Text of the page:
For the record, a study by the Mercatus Center at George Mason University estimated that his measure would cost $32 trillion over a 10-year period; Sanders countered that that same study, which was funded by an organization supported by billionaire libertarian brothers Charles and David Koch, also reflected potential savings of $2 trillion.
Medicare at 50
The second bill in question was introduced by Sen. Debbie Stabenow, a Michigan Democrat. The Stabenow bill would allow people between the ages of 50 and 64–too young to qualify under the current rules– to buy into the $583 billion Medicare program. Eleven senators have signed on as cosponsors of both the Sanders and Stabenow bill, including Sens. Cory Booker, Kirsten Gillibrand, and Jeff Merkley.
The Stabenow measure is similar to plans that were discussed during the 2009 debate over former President Barack Obama’s Affordable Care Act. Early drafts of the act would have allowed a “public option,” or a government health insurance plan. The public option, however, was rejected by former Sen. Joseph Lieberman, a Connecticut Democrat who currently works as a lobbyist for ZTE, a Chinese telecom conglomerate that’s been sanctioned by the U.S. government for violating sanctions against Iran and North Korea.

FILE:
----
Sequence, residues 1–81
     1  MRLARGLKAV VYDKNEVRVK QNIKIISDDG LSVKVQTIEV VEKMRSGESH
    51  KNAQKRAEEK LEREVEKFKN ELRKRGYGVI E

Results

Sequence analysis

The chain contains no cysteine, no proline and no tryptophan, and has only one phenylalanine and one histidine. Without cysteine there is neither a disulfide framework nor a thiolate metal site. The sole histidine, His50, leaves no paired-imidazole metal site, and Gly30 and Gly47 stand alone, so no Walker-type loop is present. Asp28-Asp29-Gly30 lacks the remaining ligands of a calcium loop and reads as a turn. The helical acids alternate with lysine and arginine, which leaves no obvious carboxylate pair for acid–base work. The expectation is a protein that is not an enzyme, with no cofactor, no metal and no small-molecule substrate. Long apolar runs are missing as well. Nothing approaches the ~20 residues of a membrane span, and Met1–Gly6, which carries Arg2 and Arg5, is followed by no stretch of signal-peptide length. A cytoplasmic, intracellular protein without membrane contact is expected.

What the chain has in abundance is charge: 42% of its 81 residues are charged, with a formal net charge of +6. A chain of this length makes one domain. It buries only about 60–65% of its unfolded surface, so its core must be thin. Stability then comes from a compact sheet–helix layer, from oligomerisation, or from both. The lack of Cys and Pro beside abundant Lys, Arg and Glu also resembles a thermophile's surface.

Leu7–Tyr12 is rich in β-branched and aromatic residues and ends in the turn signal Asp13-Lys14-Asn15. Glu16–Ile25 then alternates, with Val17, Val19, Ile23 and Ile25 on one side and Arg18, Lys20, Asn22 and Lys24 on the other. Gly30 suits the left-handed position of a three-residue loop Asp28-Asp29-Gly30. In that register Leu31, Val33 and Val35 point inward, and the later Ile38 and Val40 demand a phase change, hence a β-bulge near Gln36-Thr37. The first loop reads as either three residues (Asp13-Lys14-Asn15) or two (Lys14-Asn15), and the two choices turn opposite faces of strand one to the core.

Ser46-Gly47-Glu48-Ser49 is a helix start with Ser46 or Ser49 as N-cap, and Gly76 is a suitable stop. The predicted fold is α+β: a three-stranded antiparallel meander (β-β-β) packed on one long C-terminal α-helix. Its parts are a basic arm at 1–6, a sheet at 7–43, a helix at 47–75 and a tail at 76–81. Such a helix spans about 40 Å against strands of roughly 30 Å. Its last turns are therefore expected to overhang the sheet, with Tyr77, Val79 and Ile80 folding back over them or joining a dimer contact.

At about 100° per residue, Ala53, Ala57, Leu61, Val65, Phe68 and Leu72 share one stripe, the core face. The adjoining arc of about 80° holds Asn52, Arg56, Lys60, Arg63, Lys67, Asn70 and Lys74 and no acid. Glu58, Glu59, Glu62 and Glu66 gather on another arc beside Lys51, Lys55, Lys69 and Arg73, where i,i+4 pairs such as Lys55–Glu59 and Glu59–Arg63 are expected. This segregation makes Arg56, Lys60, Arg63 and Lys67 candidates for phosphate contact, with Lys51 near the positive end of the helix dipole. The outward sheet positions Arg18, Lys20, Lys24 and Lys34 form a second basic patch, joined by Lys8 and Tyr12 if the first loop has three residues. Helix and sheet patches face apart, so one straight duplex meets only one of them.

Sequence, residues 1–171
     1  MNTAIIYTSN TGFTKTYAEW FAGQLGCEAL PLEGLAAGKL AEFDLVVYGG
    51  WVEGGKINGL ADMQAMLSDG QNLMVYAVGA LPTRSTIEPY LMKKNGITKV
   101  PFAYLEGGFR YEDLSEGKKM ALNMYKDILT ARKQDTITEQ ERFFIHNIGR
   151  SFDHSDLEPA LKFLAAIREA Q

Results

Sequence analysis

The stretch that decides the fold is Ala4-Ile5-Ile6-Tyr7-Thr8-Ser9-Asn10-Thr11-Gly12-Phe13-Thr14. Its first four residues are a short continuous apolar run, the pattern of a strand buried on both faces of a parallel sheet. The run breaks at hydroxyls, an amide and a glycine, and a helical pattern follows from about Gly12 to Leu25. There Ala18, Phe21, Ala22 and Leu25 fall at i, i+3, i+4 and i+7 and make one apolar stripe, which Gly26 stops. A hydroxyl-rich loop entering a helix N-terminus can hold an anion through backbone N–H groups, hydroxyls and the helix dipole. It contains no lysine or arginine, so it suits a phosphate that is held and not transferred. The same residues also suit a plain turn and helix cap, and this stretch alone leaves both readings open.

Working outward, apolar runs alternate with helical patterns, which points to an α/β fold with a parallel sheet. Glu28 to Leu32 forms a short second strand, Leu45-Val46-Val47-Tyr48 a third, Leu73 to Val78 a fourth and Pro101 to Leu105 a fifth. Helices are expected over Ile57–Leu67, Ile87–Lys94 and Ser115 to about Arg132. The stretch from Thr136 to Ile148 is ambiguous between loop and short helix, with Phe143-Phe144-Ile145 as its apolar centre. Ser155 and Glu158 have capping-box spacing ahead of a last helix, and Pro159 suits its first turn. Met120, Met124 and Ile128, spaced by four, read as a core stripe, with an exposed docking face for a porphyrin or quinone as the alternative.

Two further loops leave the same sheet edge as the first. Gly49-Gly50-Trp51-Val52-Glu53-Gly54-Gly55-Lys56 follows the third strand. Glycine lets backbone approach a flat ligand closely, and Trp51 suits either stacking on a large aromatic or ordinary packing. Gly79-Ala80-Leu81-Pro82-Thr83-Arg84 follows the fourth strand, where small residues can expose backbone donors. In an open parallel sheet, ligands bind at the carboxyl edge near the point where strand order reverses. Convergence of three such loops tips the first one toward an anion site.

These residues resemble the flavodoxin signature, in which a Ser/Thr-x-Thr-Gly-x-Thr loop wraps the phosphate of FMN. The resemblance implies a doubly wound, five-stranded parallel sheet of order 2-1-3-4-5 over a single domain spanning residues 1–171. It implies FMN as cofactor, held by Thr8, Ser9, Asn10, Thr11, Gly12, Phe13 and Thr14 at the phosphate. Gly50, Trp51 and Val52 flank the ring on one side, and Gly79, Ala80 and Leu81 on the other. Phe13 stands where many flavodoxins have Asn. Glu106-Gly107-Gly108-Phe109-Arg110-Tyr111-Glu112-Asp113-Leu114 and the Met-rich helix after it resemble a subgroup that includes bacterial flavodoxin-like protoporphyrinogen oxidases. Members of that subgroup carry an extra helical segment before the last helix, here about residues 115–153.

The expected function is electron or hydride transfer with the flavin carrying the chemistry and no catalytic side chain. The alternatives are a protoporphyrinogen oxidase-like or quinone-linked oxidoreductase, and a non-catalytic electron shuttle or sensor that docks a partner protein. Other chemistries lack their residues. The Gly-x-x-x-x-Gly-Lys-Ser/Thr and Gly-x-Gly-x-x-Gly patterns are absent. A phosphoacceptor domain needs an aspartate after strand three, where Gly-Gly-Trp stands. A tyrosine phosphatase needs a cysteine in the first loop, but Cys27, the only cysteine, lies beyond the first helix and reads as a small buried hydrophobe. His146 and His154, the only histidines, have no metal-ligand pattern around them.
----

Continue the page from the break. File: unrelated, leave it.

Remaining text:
Medicaid Public Option
A more expansive proposal from Sen. Brian Schatz, a Hawaii Democrat, would allow all Americans to purchase health insurance through Medicaid, the $577 billion state-federal partnership providing health care for the poor and disabled.
Because states share the program costs with the federal government, Schatz’s proposal is the most popular of the three measures, garnering 22 cosponsors. Depending upon the generosity of legislators, Medicaid expenses make up between 13.9 percent of a state’s budget (Wyoming) and 38 percent (Missouri). Medicaid is also seen as a lower-cost alternative to Medicare; physicians receive roughly 72 percent of Medicare rates when they treat Medicaid patients, according to a 2017 Urban Institute study.
Only two senators are cosponsoring the Schatz bill and not the other two alternatives: Sens. Chris Murphy, a Connecticut Democrat, and Catherine Cortez Masto, a Nevada Democrat. Schatz, who introduced the bill on Feb. 14 after an unsuccessful attempt to pass the legislation in 2017, is also a cosponsor of Sanders’ Medicare for All proposal.
When politicians’ actions are so out of step with public opinion, you just have to follow the money to see why. Even the sponsors of some of those bills have received relatively large chunks of cash from the health industry; Sen. Cory Booker, for example, has repeatedly come under fire for how much cash he’s accepted from the pharmaceutical industry—while fighting bills to lower drug prices.
So it’s not actually surprising that some of these bills’ supporters are also getting industry cash, albeit in paltry amounts when compared to their opponents: many of these “supporters” are the same people putting forward measures that barely scratch the surface of the problem.
This article is based off a data analysis from MapLight, a nonpartisan, 501(c)(3) nonprofit organization that reveals the influence of money in politics, informs and empowers voters, and advances reforms that promote a more responsive democracy.